Marco Rubio may have embellished family history

Marco Rubio: did the potential Republican VP candidate lie about his family's Cuban history in order to appeal to his Floridian constituency?

By , Associated Press

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    Marco Rubio speaks after winning his Senate bid in Coral Gables, Fla. Nov. 2, 2010. Rubio is being accused of stretching the truth about his family's Cuban history.
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In Florida, where Cuba and Fidel Castro can be highly combustible political issues, Republican Sen. Marco Rubio is defending himself against allegations he embellished his family's story in saying his parents left the island after Castro came to power.

So far, prominent members of the Cuban American community are standing by him, including the head of one of Miami's oldest and most respected exile groups, who said Friday that he is willing to give the rising GOP star and tea-party favorite a pass.

The 40-year-old freshman senator has always publicly identified with the exile community and has a strong following within it. In a campaign ad last year, he said: "As the son of exiles, I understand what it means to lose the gift of freedom." Rubio's biography on his Senate website previously said he was "born in Miami to Cuban-born parents who come to America following Fidel Castro's takeover." It has been changed to say Rubio "was born in Miami in 1971 to Cuban exiles who first arrived in the United States in 1956."

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But The Washington Post reported that Rubio's parents actually left Cuba in 1956, nearly three years before Castro seized power in a revolution against dictator Fulgencia Batista. Rubio's father was a store security guard when he and his wife left, according to Rubio's staff, and came to the U.S. for economic reasons.

Rubio responded to the story with a statement saying his parents had tried to return to Cuba in March 1961 but quickly left because they did not want to live under communism.

"After arriving in the United States, they had always hoped to one day return to Cuba if things improved and traveled there several times," he said. "In 1961, my mother and older siblings did in fact return to Cuba while my father stayed behind wrapping up the family's matters in the U.S. After just a few weeks living there, she fully realized the true nature of the direction Castro was taking Cuba and returned to the United States one month later, never to return."

In addition, Rubio has said publicly on previous occasions that his parents left Cuba before the revolution.

Rubio's staff said it would change his Senate website.

The issue is magnified because of the formidable political clout of the Cuban exile community in Florida and the fierce passions in Miami that still surround Castro and the communist island, and because Rubio is often mentioned as a potential vice presidential pick. Republican presidential candidates Mitt Romney, Michele Bachmann and Newt Gingrich have said he would make a great running mate.

Democrats are trying to make an issue of it, saying it calls into question Rubio's character. The Florida Democratic Party accused Rubio of "self-serving deception," and the Democratic Senatorial Campaign Committee said Rubio has a credibility problem.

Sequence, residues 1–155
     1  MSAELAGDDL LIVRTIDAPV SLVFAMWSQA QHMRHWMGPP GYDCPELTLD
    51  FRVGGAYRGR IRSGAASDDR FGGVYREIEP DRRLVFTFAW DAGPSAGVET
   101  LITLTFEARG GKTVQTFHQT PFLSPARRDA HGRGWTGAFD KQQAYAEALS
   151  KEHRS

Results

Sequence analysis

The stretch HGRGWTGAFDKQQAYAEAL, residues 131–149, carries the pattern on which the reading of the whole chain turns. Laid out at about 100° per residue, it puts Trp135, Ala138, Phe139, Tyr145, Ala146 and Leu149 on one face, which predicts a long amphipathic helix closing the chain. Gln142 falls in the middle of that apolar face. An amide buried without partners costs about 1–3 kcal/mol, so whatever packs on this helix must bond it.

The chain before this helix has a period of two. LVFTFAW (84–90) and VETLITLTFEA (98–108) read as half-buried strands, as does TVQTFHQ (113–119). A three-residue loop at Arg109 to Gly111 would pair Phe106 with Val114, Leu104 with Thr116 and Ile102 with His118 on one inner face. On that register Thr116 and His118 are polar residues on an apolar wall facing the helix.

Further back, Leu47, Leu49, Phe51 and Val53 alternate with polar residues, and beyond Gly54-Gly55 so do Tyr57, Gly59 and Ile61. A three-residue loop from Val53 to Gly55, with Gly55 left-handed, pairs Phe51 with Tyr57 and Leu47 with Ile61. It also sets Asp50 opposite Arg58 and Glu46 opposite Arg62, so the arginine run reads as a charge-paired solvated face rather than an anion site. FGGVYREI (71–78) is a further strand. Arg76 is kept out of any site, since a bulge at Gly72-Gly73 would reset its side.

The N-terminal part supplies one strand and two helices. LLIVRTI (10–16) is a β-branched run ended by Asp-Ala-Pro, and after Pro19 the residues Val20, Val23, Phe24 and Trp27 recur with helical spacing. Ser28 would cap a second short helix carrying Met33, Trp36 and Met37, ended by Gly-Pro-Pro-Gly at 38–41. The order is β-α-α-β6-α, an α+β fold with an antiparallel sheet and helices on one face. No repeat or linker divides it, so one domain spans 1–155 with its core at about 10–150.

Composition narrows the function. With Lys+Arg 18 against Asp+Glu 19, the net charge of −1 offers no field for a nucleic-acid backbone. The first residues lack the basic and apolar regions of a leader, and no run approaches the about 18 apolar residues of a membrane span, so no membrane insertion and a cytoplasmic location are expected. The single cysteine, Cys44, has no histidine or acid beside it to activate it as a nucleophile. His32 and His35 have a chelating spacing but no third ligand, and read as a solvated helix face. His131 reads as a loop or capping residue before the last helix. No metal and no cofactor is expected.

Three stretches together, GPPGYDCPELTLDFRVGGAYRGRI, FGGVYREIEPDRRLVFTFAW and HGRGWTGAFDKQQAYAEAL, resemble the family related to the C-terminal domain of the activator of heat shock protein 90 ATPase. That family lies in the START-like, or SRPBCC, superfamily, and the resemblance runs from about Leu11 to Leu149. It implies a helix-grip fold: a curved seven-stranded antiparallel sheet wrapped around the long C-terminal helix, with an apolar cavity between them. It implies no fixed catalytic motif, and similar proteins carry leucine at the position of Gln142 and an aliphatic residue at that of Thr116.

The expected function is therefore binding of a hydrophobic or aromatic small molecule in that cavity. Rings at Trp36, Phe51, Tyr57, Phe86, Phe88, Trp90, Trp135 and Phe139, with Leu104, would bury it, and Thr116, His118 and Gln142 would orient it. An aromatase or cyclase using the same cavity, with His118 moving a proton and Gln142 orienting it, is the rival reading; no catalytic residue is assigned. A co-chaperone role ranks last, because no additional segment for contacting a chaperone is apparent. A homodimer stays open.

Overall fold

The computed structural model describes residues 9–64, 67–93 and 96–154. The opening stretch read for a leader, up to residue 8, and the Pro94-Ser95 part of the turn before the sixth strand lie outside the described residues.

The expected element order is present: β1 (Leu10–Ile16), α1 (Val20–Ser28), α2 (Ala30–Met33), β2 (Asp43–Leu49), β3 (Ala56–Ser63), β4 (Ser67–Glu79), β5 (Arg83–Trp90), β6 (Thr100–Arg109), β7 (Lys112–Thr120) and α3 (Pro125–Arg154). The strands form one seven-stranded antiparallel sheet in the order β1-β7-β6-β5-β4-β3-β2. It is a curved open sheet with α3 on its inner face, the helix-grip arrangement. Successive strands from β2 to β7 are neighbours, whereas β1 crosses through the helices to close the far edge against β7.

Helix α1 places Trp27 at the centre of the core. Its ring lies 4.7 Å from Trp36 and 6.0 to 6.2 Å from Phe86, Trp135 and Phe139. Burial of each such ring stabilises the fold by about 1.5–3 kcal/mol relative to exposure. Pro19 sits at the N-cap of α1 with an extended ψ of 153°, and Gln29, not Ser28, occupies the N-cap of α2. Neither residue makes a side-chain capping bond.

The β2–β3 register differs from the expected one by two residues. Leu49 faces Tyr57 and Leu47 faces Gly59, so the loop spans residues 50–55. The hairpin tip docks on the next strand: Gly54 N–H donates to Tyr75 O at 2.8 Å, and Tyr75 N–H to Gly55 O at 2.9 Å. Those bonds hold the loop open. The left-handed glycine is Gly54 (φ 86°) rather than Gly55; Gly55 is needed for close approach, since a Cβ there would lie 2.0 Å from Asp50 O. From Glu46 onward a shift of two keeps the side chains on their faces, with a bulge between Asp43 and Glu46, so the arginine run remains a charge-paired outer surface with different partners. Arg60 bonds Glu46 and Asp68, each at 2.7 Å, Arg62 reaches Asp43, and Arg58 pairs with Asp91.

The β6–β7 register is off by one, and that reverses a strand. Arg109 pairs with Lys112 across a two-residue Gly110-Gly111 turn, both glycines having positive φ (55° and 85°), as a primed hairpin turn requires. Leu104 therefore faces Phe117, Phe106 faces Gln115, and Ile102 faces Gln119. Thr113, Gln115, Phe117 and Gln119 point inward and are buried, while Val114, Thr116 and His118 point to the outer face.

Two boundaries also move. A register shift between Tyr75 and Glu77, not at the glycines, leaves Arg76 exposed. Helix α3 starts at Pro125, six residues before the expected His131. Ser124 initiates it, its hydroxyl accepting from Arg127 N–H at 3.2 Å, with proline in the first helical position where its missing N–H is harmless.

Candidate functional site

"The latest bombshell confirms that Rubio seriously struggles to tell the truth and can't be trusted," said DSCC spokesman Matt Canter.

But Sean Spicer, a spokesman for the GOP National Committee, said the attacks will only strengthen Rubio by causing Republicans to come to his defense. The conservative was elected in 2010 after an upset over the GOP establishment's choice, Gov. Charlie Crist.

"There's no question he has an amazing life story. His family came here to pursue a better life, and that is all accurate. There's folks out there who have seen a great success story and are plotting to figure out how to take him down," Spicer said.

The head of the Miami-based Cuban American National Foundation, Pepe Hernandez, himself an exile and longtime opponent of Castro, saidRubio's parents' initial departure date was unimportant.

"There were a number of people who came here during the Batista regime because they were against Batista somehow," he said. "Then they returned to Cuba when Castro came in because they thought now things were going to change, and then after some time they realized this was not going to happen."

"Maybe their case is not exactly the same. They really came here as immigrants, but the second time the reason was that they couldn't live in Cuba under those circumstances. I don't see any difference between his parents and myself and everyone else who came here."

Former Sen. Mel Martinez, R-Fla., who left Cuba as a teenager after the revolution, said the Post story showed "a gross lack of understanding about the Cuban exile experience. The fact is that they would not have left Cuba permanently if not for extreme fear of persecution and in search of freedom, like so many of us did."

Fernand Amandi, a pollster whose company specializes in Hispanic public opinion and works more often with Democrats than Republicans, said the episode alone might not be that damaging, but it could invite further scrutiny of Rubio's record.

"It's a chink in his armor of what was somebody who up to this point had almost uniformly positive and favorable coverage," he said.

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